JWW: What is an Outreach Facilitator?
PR: They conduct two-day seminars so that people can get a taste of the experiences that we offer. Then I became a Residential Facilitator, which means that I was able to help people work through the six-day program to experience other dimensions.
JWW: You're talking about going beyond the material world?
PR: Yes, beyond the material world so that people can gain the actual personal experience of what we are talking about. That is really crucial because when you experience something personally, it is a different category of knowing from reading about or hearing second-hand another person's experience or inheriting some kind of culture or dogma. It is much more compelling when you can experience it for yourself. That is why I don't feel any real need to argue with people about what we do. Bob Monroe took this perspective as well. He would say, "Just go and experience it for yourself, and you come back and you tell me what the meaning is for you."
JWW: There is no attempt to force a viewpoint on anyone?
PR: No. We make a very strong attempt not to be dogmatic. We don't have any gurus or shamans or priests that tell you what you should or should not believe. We just create the context for your own experience and exploration.
JWW: Do you believe Jesus was a historical person?
PR: I actually do. Yes.
JWW: In your book, you discuss the concept of duality. What do you mean by this?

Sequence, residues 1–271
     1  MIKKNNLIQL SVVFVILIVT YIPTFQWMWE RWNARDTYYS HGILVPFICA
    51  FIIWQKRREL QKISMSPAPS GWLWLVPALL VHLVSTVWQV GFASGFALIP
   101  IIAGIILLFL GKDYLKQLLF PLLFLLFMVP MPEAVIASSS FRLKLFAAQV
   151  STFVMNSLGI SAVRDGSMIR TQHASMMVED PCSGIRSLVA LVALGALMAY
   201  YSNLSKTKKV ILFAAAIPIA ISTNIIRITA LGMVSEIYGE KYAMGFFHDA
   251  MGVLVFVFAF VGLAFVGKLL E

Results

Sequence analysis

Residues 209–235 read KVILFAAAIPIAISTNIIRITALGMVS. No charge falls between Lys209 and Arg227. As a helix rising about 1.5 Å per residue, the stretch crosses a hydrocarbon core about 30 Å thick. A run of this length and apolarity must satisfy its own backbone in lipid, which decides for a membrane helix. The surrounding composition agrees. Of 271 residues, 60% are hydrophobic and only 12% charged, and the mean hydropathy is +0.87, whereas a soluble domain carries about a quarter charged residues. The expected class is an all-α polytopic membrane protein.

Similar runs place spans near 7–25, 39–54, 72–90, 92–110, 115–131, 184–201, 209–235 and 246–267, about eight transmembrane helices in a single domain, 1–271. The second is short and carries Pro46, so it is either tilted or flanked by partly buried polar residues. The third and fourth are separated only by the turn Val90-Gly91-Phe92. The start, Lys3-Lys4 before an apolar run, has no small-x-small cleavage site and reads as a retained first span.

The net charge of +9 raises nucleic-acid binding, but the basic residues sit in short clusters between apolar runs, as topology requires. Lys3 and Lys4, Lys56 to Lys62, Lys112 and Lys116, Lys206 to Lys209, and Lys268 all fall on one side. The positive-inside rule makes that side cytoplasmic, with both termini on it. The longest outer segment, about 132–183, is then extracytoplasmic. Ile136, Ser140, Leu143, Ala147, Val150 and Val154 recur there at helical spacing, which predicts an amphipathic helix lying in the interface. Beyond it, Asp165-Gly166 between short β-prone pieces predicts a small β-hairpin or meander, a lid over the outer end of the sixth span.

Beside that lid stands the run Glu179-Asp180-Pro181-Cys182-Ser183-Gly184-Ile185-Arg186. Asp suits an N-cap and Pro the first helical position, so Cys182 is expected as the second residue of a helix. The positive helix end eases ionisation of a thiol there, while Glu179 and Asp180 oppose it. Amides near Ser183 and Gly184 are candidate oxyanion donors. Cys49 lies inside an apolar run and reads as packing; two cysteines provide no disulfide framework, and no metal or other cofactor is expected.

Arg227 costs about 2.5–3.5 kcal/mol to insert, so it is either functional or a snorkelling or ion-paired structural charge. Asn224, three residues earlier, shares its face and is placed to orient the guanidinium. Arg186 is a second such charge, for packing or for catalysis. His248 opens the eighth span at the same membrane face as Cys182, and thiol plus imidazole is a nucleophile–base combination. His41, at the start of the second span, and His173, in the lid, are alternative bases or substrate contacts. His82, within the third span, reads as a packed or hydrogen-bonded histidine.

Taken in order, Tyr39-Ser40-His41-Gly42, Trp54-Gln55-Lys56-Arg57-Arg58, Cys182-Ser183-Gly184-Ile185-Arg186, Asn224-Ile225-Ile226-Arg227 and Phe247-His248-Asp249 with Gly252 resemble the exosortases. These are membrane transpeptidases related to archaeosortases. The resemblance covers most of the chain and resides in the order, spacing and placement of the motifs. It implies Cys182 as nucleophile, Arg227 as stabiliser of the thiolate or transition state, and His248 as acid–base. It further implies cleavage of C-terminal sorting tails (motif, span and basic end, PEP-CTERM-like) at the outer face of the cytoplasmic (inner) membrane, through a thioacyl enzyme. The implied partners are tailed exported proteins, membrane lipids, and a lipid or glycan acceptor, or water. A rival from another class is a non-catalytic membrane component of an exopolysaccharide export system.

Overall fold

PR: The context in my book is the story in Genesis. In Genesis, at the beginning of the creation of the world, there is actually a series of separations. Light from dark, heavens above from heavens below, and so on and so forth. But at each of those separations, there is the pronouncement by God that it was good. When it came to the end of this creation and the creation of the human beings, God looked at the totality of creation, and God said it was very good. Thus, in Genesis, we have this totality with all of these separations, but there was no attempt to name one part of it as good and the other as bad. It was all good. Then we come to the story of the Garden of Eden, and there is one tree that Adam and Eve are told not to eat of, and that is the tree of the fruit of the knowledge of good and evil. Different theologies named that tree in different ways, but I think the tree is exactly what it said. It is the knowledge of good and evil. It is the human propensity to look upon the variety of all the separations in the world and to name one part of that as good and the other as evil. And the minute we do that, we have split the world at a very fundamental level, and we are no longer in the Garden of Eden. Thus, the Garden of Eden is actually a state of awareness in which there is a sense of wholeness and a sense of connection.